If you build it, we will come.
So Kim Wheeler and Carl Carmichael decided to do that.
And they're coming.
That is the short version of how a bit of elbow-grease and enterprise has brought rep rugby back to Taumarunui after 13 wilderness years.
The more cinematic version goes something like this.
As the owner of a local Mitre 10, Wheeler was at the 2016 Lochore Cup final in Te Kuiti between King Country and North Otago. It was his job to present the winners.
"Unfortunately I ended up having to hand out medals to North Otago, which pissed me off a bit," says the King Country stalwart and Taumarunui's most passionate spruiker.
He intended to "fly the Mitre 10" flag for an hour at the after-match before driving 80 sombre kilometres home.
Wheeler had forgotten just how many people he knew from the area. Once he hit the clubrooms, plans for a quick exit were shelved. The car keys were instead handed to wife Tiz.
"I'm pretty lucky. She's a good driver."
One of those he started swapping tales with was King Country prop Carmichael. The Matiere farmer was lamenting the fact Taumarunui no longer hosted games. It was once the epicenter of King Country rugby.
"There's a photo of the Lions playing at the Taumarunui Domain in 1977. The ground is packed but you'll see a 10-year-old kid staring straight down the camera. That's me," Wheeler says.
Fortified by a combination of malt and hops, the pair buttonholed King Country general manager Susan Youngman. At another point, or pint perhaps, Carmichael cornered chairman Ivan Haines.
The message they got?
"Your facilities are s***," Wheeler says.
In the dense morning fog of the night before, Wheeler decided to do something about it. He drove down to the domain.
The facilities were terrible. The signs of natural and man-made dilapidation were everywhere. The terraces were a muddy mess, every window on the not-so grandstand were broken, graffiti stained the walls, the bench seats were in dire need of a spruce up and the roof acted more like a colander than a shield.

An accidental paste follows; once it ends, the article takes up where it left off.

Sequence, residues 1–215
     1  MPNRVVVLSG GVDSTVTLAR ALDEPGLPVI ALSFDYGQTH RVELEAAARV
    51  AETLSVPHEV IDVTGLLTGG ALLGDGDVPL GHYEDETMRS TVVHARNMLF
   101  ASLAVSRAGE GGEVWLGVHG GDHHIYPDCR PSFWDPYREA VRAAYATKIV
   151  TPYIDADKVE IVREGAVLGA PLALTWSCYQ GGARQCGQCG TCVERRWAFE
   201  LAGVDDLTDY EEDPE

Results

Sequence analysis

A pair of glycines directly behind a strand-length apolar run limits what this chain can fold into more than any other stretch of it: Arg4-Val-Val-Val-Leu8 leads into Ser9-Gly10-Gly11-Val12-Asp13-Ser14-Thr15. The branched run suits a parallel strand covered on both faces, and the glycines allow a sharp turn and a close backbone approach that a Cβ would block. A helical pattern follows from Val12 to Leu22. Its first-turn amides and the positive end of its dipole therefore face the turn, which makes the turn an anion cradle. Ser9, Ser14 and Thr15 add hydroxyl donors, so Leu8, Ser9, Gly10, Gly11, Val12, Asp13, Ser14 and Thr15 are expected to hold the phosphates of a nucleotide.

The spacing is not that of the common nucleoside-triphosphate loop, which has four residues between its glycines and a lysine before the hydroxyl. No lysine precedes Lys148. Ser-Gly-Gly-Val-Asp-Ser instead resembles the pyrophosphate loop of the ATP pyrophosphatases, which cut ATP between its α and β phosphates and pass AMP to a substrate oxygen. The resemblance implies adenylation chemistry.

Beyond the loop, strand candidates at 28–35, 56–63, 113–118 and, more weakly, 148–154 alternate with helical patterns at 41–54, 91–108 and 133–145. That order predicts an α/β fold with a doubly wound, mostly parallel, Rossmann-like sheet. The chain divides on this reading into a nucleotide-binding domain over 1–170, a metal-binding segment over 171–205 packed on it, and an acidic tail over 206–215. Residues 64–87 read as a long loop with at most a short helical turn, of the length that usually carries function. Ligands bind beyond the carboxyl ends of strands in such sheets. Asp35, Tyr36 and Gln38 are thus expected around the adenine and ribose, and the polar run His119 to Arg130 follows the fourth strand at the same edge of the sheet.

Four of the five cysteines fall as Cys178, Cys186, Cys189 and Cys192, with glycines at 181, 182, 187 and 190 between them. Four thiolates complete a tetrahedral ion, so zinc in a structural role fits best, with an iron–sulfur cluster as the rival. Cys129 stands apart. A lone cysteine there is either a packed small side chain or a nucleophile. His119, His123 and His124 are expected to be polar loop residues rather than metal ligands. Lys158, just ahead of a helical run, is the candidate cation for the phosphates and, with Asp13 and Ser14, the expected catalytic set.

He put himself in charge of the exterior; Carmichael – whose grandfather Alby once lovingly tended to the ground – has been given the task of sprucing up the changing rooms.
They spread 26 tonnes of gravel on the neglected terraces. For that they held a working bee.
"That was a real man-killer," Wheeler says.
The windows have been replaced. Most of the seats have had a coat of orange paint, as has the exterior, covering up years of tagging.
The innards have been cleaned up, ready for paint, plywood and plastering. A local builder has been seconded to fix the clocktower and scoreboard.
All the materials were supplied by Wheeler.
"Make no mistake, all this has come out of Kim's pocket. He's game-day sponsor as well. That figure has gone up a couple of grand since he agreed to do it," says a laughing Carmichael.
Wheeler doesn't want to put a dollar figure on his commitment.
"If you take something out of a small town, you have to give it back," he says. "It's a simple equation."
King Country officials were suitably impressed. They've handed them a game, a 2016 final rematch against North Otago in September.
"We're a year ahead of schedule," says Carmichael, a little apprehensively. The former Taranaki and now Taumarunui Eels prop said he long harboured hope he'd be able to come back to watch a King Country match at the domain.
"Now, all going well on the field, I'll get to play. It'll be a dream come true."
Wheeler, a Taumarunui ward councillor on the Ruapehu District Council, believes rep rugby returning to the domain is just another emblem of the town's growing optimism.
He's born and bred and loves the place. Others aren't always as kind. With a population of 4500, Taumarunui has lost more than a third of its people since its heyday in the 1970s. Wheeler senses a shift.
The cycle trails along the Whanganui River are proving a drawcard, as are kayaking tours down the big river. A planned gondola at nearby Whakapapa is expected to bring more people to the region.
On September 8, however, Taumarunui will be all about the footy.
"It'll be King Country's biggest crowd of the season. I can promise you that," Wheeler says.
He'll have built it, his field of dreams, and they'll come.
"If we get Howard Paiaka and Bill Wordley coming out of the woodwork to watch that'd be neat," Wheeler says of local legends no longer with us.
"Or Colin Meads, how about that?"